It has been called the Achilles’ heel of the Christian faith. Of course, I’m referring to the classical problem of the existence of evil. Philosophers such as John Stuart Mill have argued that the existence of evil demonstrates that God is either not omnipotent or not good and loving — the reasoning being that if evil exists apart from the sovereign power of God, then by resistless logic, God cannot be deemed omnipotent. On the other hand, if God does have the power to prevent evil but fails to do it, then this would reflect upon His character, indicating that He is neither good nor loving. Because of the persistence of this problem, the church has seen countless attempts at what is called theodicy. The term theodicy involves the combining of two Greek words: the word for God,theos, and the word for justification, dikaios. Hence, a theodicy is an attempt to justify God for the existence of evil (as seen, for instance, in John Milton’s Paradise Lost). Such theodicies have covered the gauntlet between a simple explanation that evil comes as a direct result of human free will or to more complex philosophical attempts such as that offered by the philosopher Leibniz. In his theodicy, which was satired by Voltaire’s Candide, Leibniz distinguished among three types of evil: natural evil, metaphysical evil, and moral evil. In this three-fold schema, Leibniz argued that moral evil is an inevitable and necessary consequence of finitude, which is a metaphysical lack of complete being. Because every creature falls short of infinite being, that shortfall must necessarily yield defects such as we see in moral evil. The problem with this theodicy is that it fails to take into account the biblical ideal of evil. If evil is a metaphysical necessity for creatures, then obviously Adam and Eve had to have been evil before the fall and would have to continue to be evil even after glorification in heaven.
To this date, I have yet to find a satisfying explanation for what theologians call the mystery of iniquity. Please don’t send me letters giving your explanations, usually focusing on some dimension of human free will. I’m afraid that many people fail to feel the serious weight of this burden of explanation. The simple presence of free will is not enough to explain the origin of evil, in as much as we still must ask how a good being would be inclined freely to choose evil. The inclination for the will to act in an immoral manner is already a signal of sin.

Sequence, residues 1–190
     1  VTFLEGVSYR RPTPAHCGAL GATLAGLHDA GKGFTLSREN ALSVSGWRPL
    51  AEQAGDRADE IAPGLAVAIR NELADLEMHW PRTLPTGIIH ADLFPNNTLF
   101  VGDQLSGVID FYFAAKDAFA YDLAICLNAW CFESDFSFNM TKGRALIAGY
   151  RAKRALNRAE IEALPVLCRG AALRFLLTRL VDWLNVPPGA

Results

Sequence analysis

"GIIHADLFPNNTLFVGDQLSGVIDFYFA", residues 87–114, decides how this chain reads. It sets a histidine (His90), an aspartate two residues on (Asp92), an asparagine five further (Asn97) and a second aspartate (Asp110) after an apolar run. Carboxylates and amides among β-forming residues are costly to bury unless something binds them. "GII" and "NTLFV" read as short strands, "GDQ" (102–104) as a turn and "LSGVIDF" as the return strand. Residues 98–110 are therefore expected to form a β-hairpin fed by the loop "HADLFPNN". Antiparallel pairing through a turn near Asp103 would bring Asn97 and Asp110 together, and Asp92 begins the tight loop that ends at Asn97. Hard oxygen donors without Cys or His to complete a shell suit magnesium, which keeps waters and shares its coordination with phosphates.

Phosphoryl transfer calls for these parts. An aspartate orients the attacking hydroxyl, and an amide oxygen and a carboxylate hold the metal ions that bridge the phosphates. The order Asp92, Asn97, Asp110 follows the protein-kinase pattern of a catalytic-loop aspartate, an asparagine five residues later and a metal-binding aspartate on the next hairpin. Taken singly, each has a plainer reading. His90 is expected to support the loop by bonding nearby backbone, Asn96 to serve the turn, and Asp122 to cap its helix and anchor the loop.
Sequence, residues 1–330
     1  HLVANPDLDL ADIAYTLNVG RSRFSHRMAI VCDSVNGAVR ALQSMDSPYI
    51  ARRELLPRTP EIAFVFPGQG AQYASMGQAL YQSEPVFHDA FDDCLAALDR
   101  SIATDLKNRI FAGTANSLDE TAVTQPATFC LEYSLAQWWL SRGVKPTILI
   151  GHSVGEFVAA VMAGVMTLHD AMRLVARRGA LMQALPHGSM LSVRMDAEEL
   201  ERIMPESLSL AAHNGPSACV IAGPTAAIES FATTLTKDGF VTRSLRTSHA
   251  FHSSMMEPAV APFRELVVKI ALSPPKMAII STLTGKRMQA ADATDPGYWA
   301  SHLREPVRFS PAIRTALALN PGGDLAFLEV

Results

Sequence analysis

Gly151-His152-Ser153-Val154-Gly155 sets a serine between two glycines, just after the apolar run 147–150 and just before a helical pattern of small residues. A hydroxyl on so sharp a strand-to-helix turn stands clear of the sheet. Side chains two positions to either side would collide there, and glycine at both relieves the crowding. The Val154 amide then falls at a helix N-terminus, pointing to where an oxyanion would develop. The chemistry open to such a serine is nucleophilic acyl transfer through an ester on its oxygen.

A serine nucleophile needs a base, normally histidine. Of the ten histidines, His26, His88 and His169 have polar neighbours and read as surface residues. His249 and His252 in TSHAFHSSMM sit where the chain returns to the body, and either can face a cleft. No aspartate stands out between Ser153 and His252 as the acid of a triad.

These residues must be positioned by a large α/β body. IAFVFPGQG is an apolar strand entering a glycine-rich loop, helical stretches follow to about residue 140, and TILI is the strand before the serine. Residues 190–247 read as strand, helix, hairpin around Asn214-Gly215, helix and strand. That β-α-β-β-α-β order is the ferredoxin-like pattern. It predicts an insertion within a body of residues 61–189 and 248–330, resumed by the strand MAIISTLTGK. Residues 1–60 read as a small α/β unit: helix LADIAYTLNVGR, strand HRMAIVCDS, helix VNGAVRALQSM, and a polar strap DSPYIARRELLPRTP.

One of the most important approaches to the problem of evil is that set forth originally by Augustine and then later by Aquinas, in which they argued that evil has no independent being. Evil cannot be defined as a thing or as a substance or as some kind of being. Rather, evil is always defined as an action, an action that fails to meet a standard of goodness. In this regard, evil has been defined in terms of its being either a negation (negatio) of the good, or a privation (privatio) of the good. In both cases, the very definition of evil depends upon a prior understanding of the good. In this regard, as Augustine argued, evil is parasitic — that is, it depends upon the good for its very definition. We think of sin as something that is unrighteous, involving disobedience, immorality, and the like. All of these definitions depend upon the positive substance of the good for their very definition. Augustine argues that though Christians face the difficulty of explaining the presence of evil in the universe, the pagan has a problem that is twice as difficult. Before one can even have a problem of evil, one must first have an antecedent existence of the good. Those who complain about the problem of evil now also have the problem of defining the existence of the good. Without God there is no ultimate standard for the good.
In contemporary days, this problem has been resolved by simply denying both evil and good. Such a problem, however, faces enormous difficulties, particularly when one suffers at the hands of someone who inflicts evil upon them. It is easy for us to deny the existence of evil until we ourselves are victims of someone’s wicked action.
However, though we end our quest to answer the origin of evil, one thing is certain: since God is both omnipotent and good, we must conclude that in His omnipotence and goodness there must be a place for the existence of evil. We know that God Himself never does that which is evil. Nevertheless, He also ordains whatsoever comes to pass. Though He does not do evil and does not create evil, He does ordain that evil exists. If it does exist, and if God is sovereign, then obviously He must have been able to prevent its existence. If He allowed evil to enter into this universe, it could only be by His sovereign decision. Since His sovereign decisions always follow the perfection of His being, we must conclude that His decision to allow evil to exist is a good decision.
Again, we must be careful here. We must never say that evil is good, or that good is evil. But that is not the same thing as saying, “It is good that there is evil.” Again, I repeat, it is good that there is evil, else evil could not exist. Even this theodicy does not explain the “how” of the entrance of evil into the world. It only reflects upon the “why” of the reality of evil. One thing we know for sure is that evil does exist. It exists, if nowhere else, in us and in our behavior. We know that the force of evil is extraordinary and brings great pain and suffering into the world. We also know that God is sovereign over it and in His sovereignty will not allow evil to have the last word. Evil always and ever serves the ultimate best interest of God Himself. It is God in His goodness and in His sovereignty who has ordained the final conquest over evil and its riddance from His universe. In this redemption we find our rest and our joy — and until that time, we live in a fallen world.